The Algona Republican from Algona, Iowa on August 7, 1895 · Page 6
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The Algona Republican from Algona, Iowa · Page 6

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Algona, Iowa
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Wednesday, August 7, 1895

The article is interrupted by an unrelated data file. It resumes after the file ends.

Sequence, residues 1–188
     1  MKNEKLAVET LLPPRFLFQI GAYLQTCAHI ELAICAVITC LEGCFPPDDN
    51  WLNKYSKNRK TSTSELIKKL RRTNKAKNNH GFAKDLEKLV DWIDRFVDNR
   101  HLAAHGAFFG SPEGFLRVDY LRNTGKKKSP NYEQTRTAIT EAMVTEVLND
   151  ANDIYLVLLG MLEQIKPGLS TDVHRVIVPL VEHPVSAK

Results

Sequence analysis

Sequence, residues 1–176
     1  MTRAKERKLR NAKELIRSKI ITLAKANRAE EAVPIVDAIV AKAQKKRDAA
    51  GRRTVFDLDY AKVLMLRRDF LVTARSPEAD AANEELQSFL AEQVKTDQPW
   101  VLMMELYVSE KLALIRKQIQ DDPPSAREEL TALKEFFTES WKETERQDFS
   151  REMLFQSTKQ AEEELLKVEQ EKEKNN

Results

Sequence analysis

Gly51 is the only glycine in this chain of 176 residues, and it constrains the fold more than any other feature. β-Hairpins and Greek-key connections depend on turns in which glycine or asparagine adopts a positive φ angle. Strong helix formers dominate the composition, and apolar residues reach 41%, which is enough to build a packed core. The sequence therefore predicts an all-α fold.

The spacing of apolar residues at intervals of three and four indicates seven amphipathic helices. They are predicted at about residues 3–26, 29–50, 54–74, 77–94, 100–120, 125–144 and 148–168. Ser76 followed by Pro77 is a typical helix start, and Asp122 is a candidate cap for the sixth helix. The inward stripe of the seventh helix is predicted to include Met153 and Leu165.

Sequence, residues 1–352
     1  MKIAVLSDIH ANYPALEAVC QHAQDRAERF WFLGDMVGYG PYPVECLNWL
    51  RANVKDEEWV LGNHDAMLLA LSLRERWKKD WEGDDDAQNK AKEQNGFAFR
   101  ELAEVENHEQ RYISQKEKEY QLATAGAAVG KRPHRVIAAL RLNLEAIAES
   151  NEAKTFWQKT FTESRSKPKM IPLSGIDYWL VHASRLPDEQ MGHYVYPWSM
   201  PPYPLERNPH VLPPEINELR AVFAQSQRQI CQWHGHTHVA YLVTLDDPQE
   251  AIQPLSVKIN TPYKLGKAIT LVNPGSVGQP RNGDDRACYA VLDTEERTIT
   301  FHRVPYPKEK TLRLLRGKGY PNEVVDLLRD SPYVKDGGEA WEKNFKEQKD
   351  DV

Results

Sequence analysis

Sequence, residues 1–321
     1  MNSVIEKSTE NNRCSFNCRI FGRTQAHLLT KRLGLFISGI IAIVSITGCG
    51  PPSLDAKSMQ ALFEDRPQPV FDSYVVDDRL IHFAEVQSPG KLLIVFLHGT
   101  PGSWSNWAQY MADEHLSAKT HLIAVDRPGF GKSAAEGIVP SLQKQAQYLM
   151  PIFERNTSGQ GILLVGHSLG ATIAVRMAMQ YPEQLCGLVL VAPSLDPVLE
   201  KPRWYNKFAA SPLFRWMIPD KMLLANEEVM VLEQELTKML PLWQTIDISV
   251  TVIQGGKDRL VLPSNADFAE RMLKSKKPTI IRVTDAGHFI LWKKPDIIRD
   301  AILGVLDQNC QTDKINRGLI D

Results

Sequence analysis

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T-HEKEPtJBLlCAJi.AUJCiSA. 1OM A « KDfcfcSliAt, T, OF "THE MIDNIGHT SUN"ETC. fDopyright, 1803, liy American Press Association.] "This lady wishes to purchase a ruby, 1 believe." "Begging pardon," she said, with a resistless smile and turning thoso dark eyes, tremulous with light, upon me, "I ashed to look at some rubies." "I shall be pleased to show you what •we have,"I replied, blushing to the crown of my head, whero tho hair is scant, and feeling n* confused as a schoolboy. Those tiny hands of fairylike contour were covered with kids which could not have been larger than No. 5 or iV.j at the most, and she handled tho crimson specimens with tho delicate grace that of itself was enough to .set a man's train awhirl. After some dallying she selected a ruby, tho price of which was $800, and paid mo with eight crisp new tills which looked as if they had como from tho government; press within the preceding 24 hours. The transaction completed, I laid before her Nana, Sahib's ruby. When her eyes rested upon tho marvel, she gave a gasp of astonishment and delight, and looking at it a moment daintily picked it up and turned it over and over in her hand, finally holding it, up to tho light, her expression and manner all the while like that of n child who has been given the most gorgeous toy ever fashioned. Closing one eye—and it seemed a pity that the light of stich nn orb shotild be obscured lot a moment—she murmured : "Ye«, it is real, a genuine pigeon's blood! Where in the world shall its equal bo found? It does not exist." "I am confident it has no superior," 1 ventured. It was placed in my hands to sell. Would you like to purchase?" "Ah, me, if I could! That is worth $1,000,000." "It may be to the queen of England, the czar of Russia or the emperor of Germany, provided any one of them tvishes to buy. But it is the property of whoever will pay §50,000 for it." Another faint gasp, a slight recoil, and looking in my face she assumed an indescribable expression of despair. "How sad it is to be poor! I would be happy all my life if I could own that, but I am too poor, too poor!" It was on my lips to remonstrate gently, but I held my peace and tried to keep my countenance from becoming too crimson. She fondled and admired and praised the gem for several minutes, and then with a faint bewitching Sigh shook her head and handed it back to me, with the envious remark: "He who gets that for the sum yoi; name is the most fortunate individual in the world. Ah, if I were ricb| ( " She bade mo good day, thanking mo for my attention, and passed out. She had not conic to tho store in a carriage, and as she turned in tho direction of Broadway I presume she cither took tho cable car or possibly called at some place where her conveyance was waiting. Resolutely putting .behind mo tho disturbing thoughts about this remarkable woman, I placed Nairn Sahib's ruby, inclosed in its little box, within my inner pocket, buttoned.coat and vest, and some 20 minutes later left tho car and made my way to tho Windsor hotel, With tho purpose of offering the gem to my old friend, Geoffrey Sandhusen. ANY HOG-enclosed by J. A. Hamilton & Go's wire and picket fence feels proud and will thrive. Tbe reason more of it is sold than all other kinds put together, is because it is a fence— That Can be Seen: It will turn all kinds of stock; it is cheap and durable; easy to move. We use both oak and painted •.pine pickets. Call and : it. Purchase soi'f where a cheap farm with fertile the climate is free from extremes of heat and cold; where there are no blizzards, droughts or cyclones, •dose to the great Eastern markets where profits will not be eaten up by transportation. . Such farms are found only in Virginia along the C. & O. Railway. For descriptive catalogue address, C. B.. RYAN, Ass't G. P. A., C. & O. Railway, Cincinnati, O. £vr«nr- IWe Young iM.ee y to distribute >Tour ailvcrtiso- Fuieatu la part payment J'or a l\\nh Knido Acme I IWcyclo, which we buiid them on approval. Not »-BOi;5i dono until tho bicye^a arrives r.in 1 . proves » Jsalisiuctory. I I Young Ladies °S' e t^m3 hc | 1 H'ba-.«s.aiBlr]a'appl7 they must to well rscom- i[ mends^. U rit'j for purtioulurs. ACME CYCLE COnPANY, ELKHART, 1ND. CHAPTER IV. Just as I was entering the Windsor house a carriage halted in front of the family entrance, and a lady stepped out and passed into tho hotel. One glance showed that she was the young woman who left my store an hour or two before after her purchase of the small ruby and her expression of admiration of the larger gem. She saw mo and bowed. The action was eo unexpected that I hurriedly lifted my hat, and I suppose would have made a graceful response, but in my confusion I struck the toe of my foot against the step and almost fell on my hands and knees, my hat rolling several feet away. I didn't dare look at her, but she must have laughed heartily, while I never camo so near profanity in my life. It took some minutes to pull myself together, and then my curiosity regarding the mysterious beauty led me to make inquiries of the clerk. He smilea significantly at my assumed matter ol fact manner, as if to let me know ho understood that I was another of the many that had been hit hard, but whatever ho thought he was a gentleman. "I would know whom you meant if you had used only half the words. Isn't she a beauty? Her narno is Mrs. Darius G. Howard, and she hails from Vienna." You could have knocked me down with a feather. The name precisely— except as to tho sex—of the man who had placed Naua Sahib's ruby in my hands to bo sold. Tho mystery was deeper than over. Could it be—but what was tho use? Any attempt at theorizing, as Wittner had said, could end only in becoming hopelessly befogged. "Be good enough to send my card to Mr. Saudhusen's room." Three minutes later word came that my friend was in his apartments and would be glad to see me. I lost no time in entering, shaking hands and telling my story. Saudhusen was a millionaire, and we had been schoolboys. Having plenty leisure on his hands, ho expressed h pleasure that I had come to him witl such an interesting yarn. "I'll go d9WU with you and look a tho stone,'' ho said. "I have brought it with me," and I opened the box and placed the gem in the palm of the astounded gentleman. His wonder and delight may be imagined. He fondled it as -* tho simple touch gave him pleasure. He stepped to the window in the glare of the sun- .-ABSOLUTELY i.imvii contracted for two thousand SU'O xswUicliwopruposotogivoFRfiiLtohuine . «««•. •ytmKiu • iu<ev«yy, towuslilp iu UiuSiaiu of . .Iwva. l)o 1'QfJ want QUO V Bis Offer Open for Thirty Days Only. Full particulars upon application. .Enclose v tuaxre-nt stamp for reply* Address V ME WERNER COMPANY,IBOAchunsSt.,Chicago. - Reference,.'Any Commercial Agency. Htllf JlllU'H TO >:; 0n uecomit-ot' lh« Triennial Conclave, V.Kuights Tomplar, at :]jostoju Mass., tho '.'•Jiwth^Westcrn Lino wHl, from 1 August 19 vj/p % .sell excursion -tickets to-Boston and yotxtrn -for ha If rales—OHO faro for the Tonuf trip;'tickets good for return passage until October-o, 1895. 'For tickets and full i'uformatioirttpuly<to.logouts Chicago •& North-Western H'y. 44-40 Threshers: We have entUees G#ndy and Rubber drive belts in stock for steftin, jnacUines and will s^ve you iponey on tbese belts, "Bat why should I take time?" he asked impatiently. "Some one else is liable to secure it. Hate you offered it to any one?" ,,,.,•*» "No; 1 forget. I offered it to Mrs. Howard this afternoon." "Who's Mrs. Howard?" "That East Indian woman stopping at this hotel." 'i have seen her. She is rich enough to buy a dozen of them at that price." My friend seemed to think he had made a slip, and with just the faintest trace of confusion corrected himself: "I should say from her dress, looks and manner that she was overburdened with wealth, but then one can't know. Why didn't she buy it?" "She said she was too poor. Jt have offered it to no one else besides yourself and will not do so until you haVe made up your mind." "I have made up my mind, confound it! That fellow may change his and take the thing away. That's what I want to guard against. Tho only way to prevent it is to close the bargain now, and that's what I will do." "Well, it would seem that I arn not the one to find fault; but, Saudhusen, am convinced that there is crooked business in this thing. The man can give no reasonable pretext for passing Europe nud bringing that ruby to this country to sell." "Who wants him to give a reasonable pretext? I am willing to take the chances. I'll pay you now." I said no more. Ho walked over to his desk, for his rooms were befittiugly furnished, drew out his checkbook, wrote me an order for $50,000, handed it to me and said: "Now, old fellow, give mo the quid pro quo.'' "There! That's mine," he added, with glowing face, "aud it will take a writ of cortiorari from tho supreme court to draw it from me." '' Where will you keep it?" "I would let you havo it until I moved into tho house, but for fear that Mr. Howard may come back and change his mind. I may put it in tho safe down stairs or take it to the bank or the trust company, but ninco no ortu 'besides yourself knows that I havo it I will retain it in my room for a day or two, so as to have all the enjoyment with it I can." I shook my head. "Bad business. There's no saying who may know or suspect the truth. Eemember that tho man who put it iu my hands and a certain woman stopping at this house bear tho same name.'' "Nonsense!" exclaimed my friend. ' 'There are 500 John Smiths in this city, and yet not a tenth of them are aware of the others' existence. Simply a coincidence, that's all. It signifies nothing." It was a waste of time to discuss the matter, and bidding my friend good day I went down town to my store. Mr. Darius C. Howard was there. He was the same well dressed gentleman as before and as smiling and suave in his manner. "I thought I would not wait quite as long as I intended," he explained, "and dropped in to hear whether you had any news for me." 'The ruby has been sold for tho price you ask, and I have the check with me." He did not show the pleasure I expected, but acted as if he regretted what had been done. Ho sighed and said, still smiling: "I thought of recalling my offer, the price is so absurdly low, but the thing having been done it must go at that. I will call tomorrow aud settle with you." "I can give you a check now." "It is not worth while. Suppose I drop in at 10. Will that suit you?" ' 'Perfectly. How do you prefer your money—in bills or a check?" "It will perhaps bo better in money. I havo few acquaintances, and there might bo delay in obtaining the funds." "It shall be as you wish." "Thanks. Good day." I determined to havo Carl Wittner in the vicinity next day, for I was sure there was need of his services. To my Wittner been within call that he might have shadowed the man. Something toM me that trouble was coming, and there was no one upon whom 1 could lean like my cool headed friend, tho detective. 'But for the moment ho was beyond roach—that is, I supposed so, but such was not the fact. TbSAfe afternoon, immediately aftei my leturn from my lunch, there was a call at the telephone. I answered, and the response was: "I want John B. BtoWn, jewelef, of -— Maiden lane." "Thati is my name. Who ate yon?" "Geoffrey. Sandhusen, Windsor hotel." ,. "All fight. What can I do for you?" "You remember theaiticlelpurchas- ,ed of you yestei-day?" " Of course." "It was stolen from my room last night." ' She saw mo anil l>oivcil. light and seemed hardly to breathe wlule he drank in its marvelous beauties. Finally he resumed his sea* ip front of me. "}^ surpasses anything I ever saw/' he said, with flushed face; "and he asfes only $50,000?" "ThatisalJ." "Jt appears genuine." ' "{$ is genuine. 1 J have submitted it every test, and the fact is established." M J3rown, J'll bpy it! I'll give you a check now." on, Geoffrey," J protested, be in a hurry. gider the "Zt was stolen .from my room last night," disappointment, however, word came from his home that evening that be was out of town and there was no saying when he would be back. A similar reply was returned from the central office. Punctual to the minute my handsome, well dressed East Indian presented him* self at the store the following day. J had the money ready, dope up in neat packages, and counted it out to him. At my request he reoountecy t and pro- nounoed it right to a dollar. Then he handed ons'flffeb of the amount back to me. J protested. "Te,n per pent is all I can accept." "Uijt I insist You have been so prowptand businesslike that J hope you will wot .persist in refusing," "Put J must tlwiW retain $5, 000, a»d UPW it ypv» will oblige me by signing this paper to aeoowt; will be closed- " He put ,pn his amined the yepejp* with Wuoh care. wag simple, and BofwW oouja b'e f with it He topfc the pen held put wrpt9i» i ojear, flowing soript'his B at tiie bottpsi, "Paries ©. Howard."We haadr repeated' W? CHAPTER V. Within the same hour that I received the startling message over the telephone from Geoffrey Sandhuseu that he had been robbed of Naua Sahib's ruby I Was in ttis apartments at the Windsor. I found him cool, but disturbed over the occurrence. "Tho loss of the gem is irreparable," he remarked, puffing at his cigar and walking slowly up and down the room while I sat iu an easy chair watching and listening, ""but tho mystery of the whole thing is beyond my comprehension. I havo been robbed before, as possibly you know, but in every case there was a clew. Here there is absolutely none." "Give mo the particulars." "There are blessed few to give. The rtibby is missing, that's all." "Not by any means. Tell, mo what took place after I left you yesterday afternoon." "I spent an hour or so in feasting upon tho prize. .1 laid it away in tho secret drawer there (he showed me) of my desk when I went down to dinner. It was there when I returned from tho theater about 11 o'clock, for I took it out and spent another half hour with it before I went to bod." "What next?" "When ready for bed, I put it back in tho small pasteboard box, having mado up my mind that I would take it down to tho trust company tomorrow. I tied it around with a bit of red twine, the knot being a peculiar one which I have never seen any one else use. I slept late and merely looked at the box without opening it this morning. It was there just as I had tied and left it. After breakfast I settled down for another treat before placing it in the vaults. I took out tho little box, untied the string, which was precisely as I had left it, opened the box, and it was empty." He paused in his walk and looked with a smile at me, as if to ask what I had to say about it. I didn't speak. He opened tho secret drawer, took out the small box again, lifted the lid and held it so that I could see the interior. There was tho tuft of fine pink cotton, but nothing else, save a few particles and a trifle of dust. "Are you satisfied," he asked, "thafe it is not there?" "There couldn't be u pinhoadin that without its showing." He drew out tho cotton, pinched it and put it back, tossing the 'box on his desk. r "Where's Wittuer?" abruptly asked Sandhuseu. "I don't know. I sent for him last night, but ho couldn't be found." "Get him hero as soon as you can." "No one ever accused me of being a detective, but will you answer me a few questions?" "Certainly." ' 'Have you told any one of the robbery?" "Not a soul except you. My message over the phono was so worded that no one else hearing me would have known to what I referred. " I rose and looked at the door. Ho laughed, "Nothing there. It was securely ' I looker] and the bplt slid in place this 1 morning when I examined it precisely as I l,eft it when I v*'eut asleep." "Then no one could have entered that way. What of the windows?" "Equally impossible. Look for yourself." I did so. His apartments were on the fourth floor, and to reach his rooms through any of the windows a person would havo to climb a sheer wall of great height. "Entrance by that means is out of the question," "89 it is, Gould any one have been" ooijceaiecl fii y'bui foomsf r "If so, he must iiflve left t# the window, which is impossible, Had h$ £one out by the door he could not have left the bolt in place, not to mention thd key of the Jock being turned," I glanced at the transom. Sandhusen explained that lie fastened it before retiring and found it undisturbed in the morning. Leaning back, in my chair, I tried to think. He resumed his pacing up and down the floor. After two op three turns he Bopped in front of me and said: "Thai won't answer, Browa." "J do B'ot understand you," "Yon, are asking yourself whether J am, a somnambulist and whether with 'the thought of the ruby ringing through my brain J did not? get up and hide the gem somewhere in the room, I did'not-'' "Can you, be certsta-?" "Never in all nay life aid I walk in sleep, npt even v?fon my mental was tenfold aa ifreat. Besides, conceiving such a thing possible, I must have left' the ruby gojeewhere to jay roonjs. I have searched, every npofe aiid ooroej where it uQu,}4 be goflgesied,' and 1 it jsft't in apy one of them," There wa _s O n.e subject in jny'rhjfofl which I did »9t daje refep. Oo the day previous gajjdhween. had wade j enoe to Mrs. Howard, JQ which charitable mied would have seen derice that be was not § stranger I wanted to §^ him wjietfeer ge had e$ awojdwitb fcej? oj 180S. fti>tsf 1 left him. tout he was a man 6f family, of the highest character, aM likely he would have considered the question an insult. No hint of the kind passed my lips. "My good fellow," I said after a minute or two of meditation, ' 'you must have formed some explanation, some theory of this strange business." "I have tried to do so, but have given it up. It is simply one of those things that are beyond my comprehension and yours, too, I judge." "Yes, and I wonder whether Witthe? Will bo able"-^ "Have you seen anything of tho man Howard?" broke in my friend. "I paid him for tho ruby thifs fofe- floon." "I thought he was to wait till the fatter part of tho week." "Such Was tho understanding, and he explained that he merely called to learn whether I had any news for him." "I wonder whether there could be anything in that?" remarked Sandhti- seii, tunning his hand through his hair and resuming his walk more thoughtfully. "It would have made no differ* euce in the payment, though. He left Wednesday for a short with, old friends. Standard: Mrs. {ol , Jt tho gem with you, and you delivered tho goods as per contract. Ho has done his part and was entitled to tho payment." "Unless ho happens tohavotbo good* in his possession." "How can that be?" I shrugged my shoulders. "It is beyond my ken. Nevertheless I believe ho either has Naua Sahib's ruby or knows whero it is." "'How would it do," asked Saudhu- sen, as if tho thought was a brilliant one, "to offer to give him the price to restore it to me? I would bo paying twice for the thing, but even that would be less than it is worth." I saw the absurdity of this suggestion. "If ho is tho man I take him to be, he would not admit his criminality, for it would bo nothing less, i'or three times the sum. Besides how can he know anything about this robbery?" In my fancy a figure assumed form between my friend and myself. It was that of tho dark eyed woman, the most beautiful of her sex. I could not shako off tho belief that hers was tho brain that had played all this.mischief, but I shrank from hinting my thoughts. If she had pitted her mind against ours, what a triumph it was for herl "Well, Geoffrey," I remarked, rising and taking up my hat, "tho fog just now is impenetrable. Neither you nor I can sea our way out. Perhaps after we have spent a night over it and made some investigations we may hit upon a clew. Come down to the store tomorrow, and we'll see what we'll see." My yearning was to find Wittner. He delighted in such intricate problems as the one which confronted us and had done several thing's so creditable in his line that I was hopeful that he would help us in our present dilemma. I sent a special messenger to h'io home up town, but his wife replied that he was absent and she could not say when ho would return. The message from headquarters was less definite, being simply that he was not there. They were too prudent to give oven his friends an intimation of what he was about. To my delight, however, the follow sauntered into the store that same afternoon, smoking his cigar and as nonchalant as usual. Ho had been to his home and learned of my message a few minutes after it was received and took bis own time in answering it. He had not visited headquarters, for ho did about as ho pleased in reporting there. I took him back into my office, closed the door and told him the whole astounding story, feeling some impatience that ho showed so little interest in my words. But that was his way. Forgetting his previous warning against "theorizing," I added: "Now, I can't help believing that that Mrs. Howard had something to do with the robbery—that, in short, it was she— What's the matter?" I demanded, observing his smile and shake of the head. "There is one fatal objection to that theory." "I should like to know what it is." "If your theory is correct, Mrs. Howard must have been at the Windsor hotel last night" "Of course,?' "Well, she was not in the city or state of New York at the time." CHAPTER VI, astounded. "Not only that," continuedPeteotive Wittner ill thai sloSv, exasperating way of his, "but Mrs, Howard is still beyond, the confines of the state, unless she has returned this afternoon." "How can you know that?" i $e< "Let it stiffiee'for the present that I dp "Then it was* Howat'tt who stple the ruby?" Wittner without'jfe&Pving his cigar slowly swayed his hea'd 1 and smiled as before. "It couldn't have been' Jjp,> fop he was with J4rs, Howard. Neither of them was in the city after 4 o'clock yesv terday afternoon. They went away' together, and I think she is still aoross ; l?b"©' river jo the sovereign state of New faf-' gey." My friend doebtJess enjoyed, the wpn, derment hie words caused, and. perhaps be was not ceasuraWe for wishing fa extract sow entertainment at wy e$. pease,, He crossed, his legs, and through the eajpfee of his cigar j that Phrenic smile which it would, sever leave his face. I was an* »pye<i that he shpuld be so cool au<j leernjngjjr indifferent, I waited a rn.inu.te or two for him to add something *i the way of expiana- tiou, bn,ti lie m Hot, and. J continued: Howard ctylJea this uioruing, d Juuj the pviQe, $00,QOO, for tonishment. ""^ oC the "Mr. Darius C. Hotcni-,; !Uul returned and I haVe never exchanged . "Then it is impossible"— «»., -n ^ "JPaughl Brown, don't make <'.; tD ' Of yourself, i walked by the store threo times thiA morning while the transaction wns going oU." ' "But you couldn't have heard a Word that passed." "My eyes wete my ears, as they *?ould have beeu"\vith anyone. You had told me the price he asked for the ruby. I saw him proffer you something. You shook your head and returned him part of the bills. That, of course, was because your sense of honor would not let yott accept the fee he offered. Ten thousand dollars is about the sum a grateful man Would offer you for such a favor as you had doiio him. Half of that was what you would accept. Which is all there is in that" . ' "But—but how carne you to be in front of my store, at the time?" "I waa satisfied that Mr. Howard would not wait till tho end of tho week before calling to learn about tho sale of tho ruby. I was on tho other side of the street an hour - before ho showed up. Had ho not done so I would havo staid in tho neighborhood all dnv aud would have been on hand tomorrow and so on until ho did appear. Fortunately I waa not kept waiting long." I was still mystified. "I received word from your homo and from headquarters that you were absent and your family did not know when you would return." "They never do, because I don't know myself. It wasn't necessary to let any one, not oven you, know that the business which took mo away was that which related to tho Naua Sahib's ruby. Nevertheless it was the fact." "Ah, then, you took hold of this matter from tho first without consulting me or any one?" •• Wittner, who had dono so much swaying of his head, now gave it a single inclination. He had been "in it" from the first. "Then you suspected something wrong?" "Well," ho replied more thoughtfully, "tho histories of all great gems like the Kohinoor, the Pitt diamond, Nana Sahib's ruby aud others are tragedies. Whenever you see a man in the possession of such a prize you may make up your mind that beyond and behind his possession are crime, murder and robbery. Such is the fact regarding this ruby, for the man who fled to tho Himalayas a generation ago with it in his turban was one of the fiercest fiends that ever lived. "When therefore this ruby—for I still believe it is tho same—turns up iu your store in tho possession of an East Indian, it is proof that the gem has resumed its course of inciting to crime. I set out to learn what I could about it and so far havo learned nothing." "But you have ascertained something about the two persons' concerned with it?" "Precious little. I believe that the handsome man and the beautiful woman are husband and wife, though why they should go to different hotels and hail from widely separated points of Europe is beyond my comprehension. After the husband called yesterday to inquire about the ruby ho walked up Maiden lane to Broadway and then to the Astor House, where he went to his room on ; the third floor. At 1 o'clock ho camo down to the lunch counter carrying a valise and fall overcoat. Ho did not pay his bill in the office of the hotel, so it was clear that he did not expect to be gone long. Of course he left some baggage in his room. "His lunch finished, he lit an expensive cigar and sauntered down Broad-, way ib Cortlaudt street and thence crossed over to the railway station a(j Jersey City. There in the waiting roomg of tho Pennsylvania railroad he allowed several trains to go out, while he kept his seat or walked up and down, watching the arrivals from New York. Nothing was clearer than that he was expecting some one and did not intend to leave until ho or she appeared, "A little before 4 o'clock she came from the ferjyhouse, Truly, she is the most beautiful woman oil wb.iQb. I evejE looked. She was elegantly dressed add carried a small alligator handbag. Her walk was the perfeqtioa of grace. She must have been a little late, for she was flurried just enough to give a glow to tfeat dusky complexion of w<?rs which intensified its beauty, ' ,„ ,,, "As she entered the. waiting rQOltf she glanced around, as if she') to'bj tfas expecting to see some one. Hov?ard was there, standing near the d6or leading t£ trains. They did not approach eaoff but I.noted th$ quick, lightning" ' of recognition shot between them, Sh£" purchased, a ticket to Rah». way, atl$ li^ 1 &ad doss the sanie half an hour befof^' jessed though the (J°W and boarded $ tof&fa which left nt'6 toin«, utes Jater, JJe' fbl.Jowd at a leisurely pace flucl entered Wi^oijjjVg' oar, "While M?< UpvV'ak'd/Wjte'waiting $ the station, he porutinJ^'jiV hia sharp wanner every nja.n an$ $6|ngn in, it and who passed tbrpugh i$ eftfae,! 1 His blaob eyes darted times, and it was on, bis guard against jnpUP ^ '• pjofeslfon," "YotftSon't thinly he s»spegted ypj^» <l l have GQ reasprj fyi?eil$ve he did» ; , "Well, what ssQfljpred aftej-they Jertse? Cjtv?" ' On' He offered you $10,QOQ as lUttf « T<» ugust 11 dn«J Ify e M'ill aell ojieursjon tickets (Jolomao %rfwgs, Manltou ' Pueblo and rutur-n at half rajes-rQi}.e trip,